Writing Aides

This category includes articles that examined the use of writing tools (e.g., word prediction software and smart pens) to enhance learning and improve student outcomes.

Writing in a multimedia environment: Pilot outcomes for high school students in special education

Jul 1, 2013, 15:57 PM
Rao, K., Dowrick, P. W., Yuen, J. W. L., & Boisvert, P. C. (2009). Writing in a multimedia environment: Pilot outcomes for high school students in special education. Journal of Special Education Technology, 24(1), 27-38.

Characteristics

  • Twenty-five high school students from Hawaii reading below grade level participated in the treatment condition of the study.
  • Within this study, students were immersed in a “generative multimedia environment” using TeenACE programming in which they used computers to write their stories and integrate pictures and audio with text.
  • The authors sought to investigate the effect of the program on students’ written expression as it relates to their: abilities to convey meaning, their writing clarity, and their use of writing conventions.
  • Students used IntelliTools multimedia authoring software to create their stories.
  • The IntelliTools program contained a text-to-speech function, allowed for the integration of images, and gave students the option of recording narrations for their stories.

Setting

  • The study took place at a rural high school in Hawaii.

Method

  • Students worked through the TeenACE program for 8 weeks at school.
  • Students were divided into teams of 2 to collaborate on all TeenACE writing activities throughout the intervention.
  • Each student was expected to write 5 stories during the intervention, which were later evaluated for the quality of writing displayed in each story.
  • In addition, the teacher was asked to keep a daily log and was interviewed throughout the implementation process.

Results

  • A comparison of students’ first and last stories revealed significant improvement in students’ written expression throughout the course of the intervention.
  • Data gathered via interviews with the teacher suggested that students’ independence with writing increased as did their sense of what constitutes good writing.
  • In addition, data suggested that students typically remained highly engaged in intervention activities.
  • In general, the intervention was successful in increasing struggling students’ exposure to writing-related activities and increasing the quality of their writing.
Categories:
  • Writing
Tags:

Computer Assisted Instruction

Writing in a multimedia environment: Pilot outcomes for high school students in special education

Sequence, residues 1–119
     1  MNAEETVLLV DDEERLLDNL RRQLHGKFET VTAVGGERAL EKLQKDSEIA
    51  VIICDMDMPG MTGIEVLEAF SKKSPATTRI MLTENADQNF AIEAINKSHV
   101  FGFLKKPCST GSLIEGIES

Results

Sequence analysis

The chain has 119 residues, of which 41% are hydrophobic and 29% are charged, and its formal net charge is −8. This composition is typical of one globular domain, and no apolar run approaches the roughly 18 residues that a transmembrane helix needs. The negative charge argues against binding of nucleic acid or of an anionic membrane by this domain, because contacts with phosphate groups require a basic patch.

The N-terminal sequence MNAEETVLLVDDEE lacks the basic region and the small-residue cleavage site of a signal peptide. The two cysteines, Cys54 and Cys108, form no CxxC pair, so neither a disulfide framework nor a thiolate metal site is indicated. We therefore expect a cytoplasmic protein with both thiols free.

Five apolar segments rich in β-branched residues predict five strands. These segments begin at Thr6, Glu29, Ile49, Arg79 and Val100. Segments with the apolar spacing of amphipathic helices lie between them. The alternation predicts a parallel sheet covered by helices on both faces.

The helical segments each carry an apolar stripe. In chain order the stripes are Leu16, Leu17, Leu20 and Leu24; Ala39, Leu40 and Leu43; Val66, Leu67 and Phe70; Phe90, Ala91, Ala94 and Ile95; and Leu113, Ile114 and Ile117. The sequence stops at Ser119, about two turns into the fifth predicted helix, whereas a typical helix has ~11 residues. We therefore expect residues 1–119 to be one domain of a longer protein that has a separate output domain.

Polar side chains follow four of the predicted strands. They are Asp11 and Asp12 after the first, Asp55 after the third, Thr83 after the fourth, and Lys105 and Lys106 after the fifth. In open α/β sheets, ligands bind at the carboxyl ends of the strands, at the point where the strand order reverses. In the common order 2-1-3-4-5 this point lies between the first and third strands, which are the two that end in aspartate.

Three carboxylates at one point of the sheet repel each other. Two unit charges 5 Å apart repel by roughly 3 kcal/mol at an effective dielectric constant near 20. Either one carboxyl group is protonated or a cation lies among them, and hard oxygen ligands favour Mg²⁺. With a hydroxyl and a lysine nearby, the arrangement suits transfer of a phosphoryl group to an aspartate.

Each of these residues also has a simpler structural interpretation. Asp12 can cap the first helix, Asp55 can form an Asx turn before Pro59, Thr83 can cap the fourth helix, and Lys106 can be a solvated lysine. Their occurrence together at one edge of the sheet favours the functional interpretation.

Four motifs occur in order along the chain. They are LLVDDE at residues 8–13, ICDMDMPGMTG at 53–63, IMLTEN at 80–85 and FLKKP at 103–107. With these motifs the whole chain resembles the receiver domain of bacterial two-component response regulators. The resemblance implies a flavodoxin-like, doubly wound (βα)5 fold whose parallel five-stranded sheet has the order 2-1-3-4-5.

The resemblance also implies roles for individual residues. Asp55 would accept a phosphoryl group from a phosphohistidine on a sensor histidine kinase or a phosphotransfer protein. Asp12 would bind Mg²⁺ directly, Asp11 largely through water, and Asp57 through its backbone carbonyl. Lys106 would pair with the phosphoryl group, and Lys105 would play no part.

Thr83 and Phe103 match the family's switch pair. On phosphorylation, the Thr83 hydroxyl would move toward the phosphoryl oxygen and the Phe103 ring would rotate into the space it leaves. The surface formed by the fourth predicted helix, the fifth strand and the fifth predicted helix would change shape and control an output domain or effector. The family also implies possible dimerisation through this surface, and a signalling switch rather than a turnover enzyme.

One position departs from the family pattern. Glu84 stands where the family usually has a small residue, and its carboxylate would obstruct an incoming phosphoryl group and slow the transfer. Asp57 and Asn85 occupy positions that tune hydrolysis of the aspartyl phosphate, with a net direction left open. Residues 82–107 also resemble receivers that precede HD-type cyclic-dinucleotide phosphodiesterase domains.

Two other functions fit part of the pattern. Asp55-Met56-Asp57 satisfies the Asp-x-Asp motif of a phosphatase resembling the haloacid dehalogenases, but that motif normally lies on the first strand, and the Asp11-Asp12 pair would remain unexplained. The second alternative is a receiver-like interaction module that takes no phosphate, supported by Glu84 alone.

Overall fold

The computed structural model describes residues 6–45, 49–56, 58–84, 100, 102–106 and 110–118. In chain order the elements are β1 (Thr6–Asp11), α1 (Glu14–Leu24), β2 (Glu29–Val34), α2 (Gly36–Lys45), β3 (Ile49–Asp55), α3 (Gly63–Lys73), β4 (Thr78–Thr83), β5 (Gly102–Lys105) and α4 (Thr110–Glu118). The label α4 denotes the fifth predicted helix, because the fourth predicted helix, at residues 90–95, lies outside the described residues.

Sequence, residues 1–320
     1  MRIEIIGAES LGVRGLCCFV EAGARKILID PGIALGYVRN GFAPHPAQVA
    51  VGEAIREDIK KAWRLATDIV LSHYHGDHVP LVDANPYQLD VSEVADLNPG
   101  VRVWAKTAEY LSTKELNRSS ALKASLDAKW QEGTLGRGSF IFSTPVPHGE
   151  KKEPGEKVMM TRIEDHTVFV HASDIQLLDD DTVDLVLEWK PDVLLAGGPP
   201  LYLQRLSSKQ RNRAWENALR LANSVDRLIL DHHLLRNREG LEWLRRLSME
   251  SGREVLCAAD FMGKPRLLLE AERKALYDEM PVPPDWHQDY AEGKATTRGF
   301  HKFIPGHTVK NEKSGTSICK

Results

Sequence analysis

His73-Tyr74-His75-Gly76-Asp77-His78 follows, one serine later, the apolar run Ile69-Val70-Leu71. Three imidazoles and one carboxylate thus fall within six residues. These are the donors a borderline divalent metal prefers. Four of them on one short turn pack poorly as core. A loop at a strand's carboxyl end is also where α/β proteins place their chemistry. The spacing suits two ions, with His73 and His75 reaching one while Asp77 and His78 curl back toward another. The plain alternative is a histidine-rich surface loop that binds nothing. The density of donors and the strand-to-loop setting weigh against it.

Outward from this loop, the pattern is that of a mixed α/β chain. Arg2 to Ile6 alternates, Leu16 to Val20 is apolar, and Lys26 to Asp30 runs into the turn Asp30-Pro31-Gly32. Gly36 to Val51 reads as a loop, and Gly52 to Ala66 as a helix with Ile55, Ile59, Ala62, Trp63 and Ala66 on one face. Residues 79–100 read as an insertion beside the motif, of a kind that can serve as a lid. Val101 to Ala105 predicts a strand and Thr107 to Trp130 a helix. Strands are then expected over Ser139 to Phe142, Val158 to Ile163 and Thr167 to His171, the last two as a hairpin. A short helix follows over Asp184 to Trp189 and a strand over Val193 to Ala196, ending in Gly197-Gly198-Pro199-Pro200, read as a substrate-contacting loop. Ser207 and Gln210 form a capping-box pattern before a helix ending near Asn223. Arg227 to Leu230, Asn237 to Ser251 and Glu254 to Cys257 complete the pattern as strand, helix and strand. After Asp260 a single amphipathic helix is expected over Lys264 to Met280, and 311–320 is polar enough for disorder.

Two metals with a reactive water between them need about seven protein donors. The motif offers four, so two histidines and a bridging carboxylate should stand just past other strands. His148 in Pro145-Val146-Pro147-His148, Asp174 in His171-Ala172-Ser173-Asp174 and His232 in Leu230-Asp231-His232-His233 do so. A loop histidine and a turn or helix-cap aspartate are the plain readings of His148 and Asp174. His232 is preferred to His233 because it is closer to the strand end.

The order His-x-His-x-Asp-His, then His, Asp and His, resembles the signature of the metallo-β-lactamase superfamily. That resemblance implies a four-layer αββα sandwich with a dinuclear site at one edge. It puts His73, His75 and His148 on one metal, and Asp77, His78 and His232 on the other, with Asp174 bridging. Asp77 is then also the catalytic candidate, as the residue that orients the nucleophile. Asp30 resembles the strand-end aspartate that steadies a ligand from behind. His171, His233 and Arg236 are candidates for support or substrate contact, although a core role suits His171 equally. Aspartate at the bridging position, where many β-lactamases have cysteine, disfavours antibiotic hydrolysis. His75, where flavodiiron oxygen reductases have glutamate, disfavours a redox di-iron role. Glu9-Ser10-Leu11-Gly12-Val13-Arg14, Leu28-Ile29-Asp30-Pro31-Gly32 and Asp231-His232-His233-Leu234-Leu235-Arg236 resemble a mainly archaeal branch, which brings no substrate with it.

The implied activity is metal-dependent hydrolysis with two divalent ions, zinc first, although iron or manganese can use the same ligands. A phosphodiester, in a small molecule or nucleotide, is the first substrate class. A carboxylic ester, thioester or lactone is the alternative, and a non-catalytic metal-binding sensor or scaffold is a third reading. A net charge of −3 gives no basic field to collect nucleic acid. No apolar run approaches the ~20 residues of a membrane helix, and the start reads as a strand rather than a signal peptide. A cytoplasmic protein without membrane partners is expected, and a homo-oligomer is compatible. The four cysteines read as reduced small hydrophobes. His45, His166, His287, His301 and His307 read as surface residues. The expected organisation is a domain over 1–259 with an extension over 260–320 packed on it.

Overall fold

Jul 1, 2013, 15:57 PM
Rao, K., Dowrick, P. W., Yuen, J. W. L., & Boisvert, P. C. (2009). Writing in a multimedia environment: Pilot outcomes for high school students in special education. Journal of Special Education Technology, 24(1), 27-38.

Characteristics

  • Twenty-five high school students from Hawaii reading below grade level participated in the treatment condition of the study.
  • Within this study, students were immersed in a “generative multimedia environment” using TeenACE programming in which they used computers to write their stories and integrate pictures and audio with text.
  • The authors sought to investigate the effect of the program on students’ written expression as it relates to their: abilities to convey meaning, their writing clarity, and their use of writing conventions.
  • Students used IntelliTools multimedia authoring software to create their stories.
  • The IntelliTools program contained a text-to-speech function, allowed for the integration of images, and gave students the option of recording narrations for their stories.

Setting

  • The study took place at a rural high school in Hawaii.

Method

  • Students worked through the TeenACE program for 8 weeks at school.
  • Students were divided into teams of 2 to collaborate on all TeenACE writing activities throughout the intervention.
  • Each student was expected to write 5 stories during the intervention, which were later evaluated for the quality of writing displayed in each story.
  • In addition, the teacher was asked to keep a daily log and was interviewed throughout the implementation process.

Results

  • A comparison of students’ first and last stories revealed significant improvement in students’ written expression throughout the course of the intervention.
  • Data gathered via interviews with the teacher suggested that students’ independence with writing increased as did their sense of what constitutes good writing.
  • In addition, data suggested that students typically remained highly engaged in intervention activities.
  • In general, the intervention was successful in increasing struggling students’ exposure to writing-related activities and increasing the quality of their writing.
Categories:
  • Writing
Tags: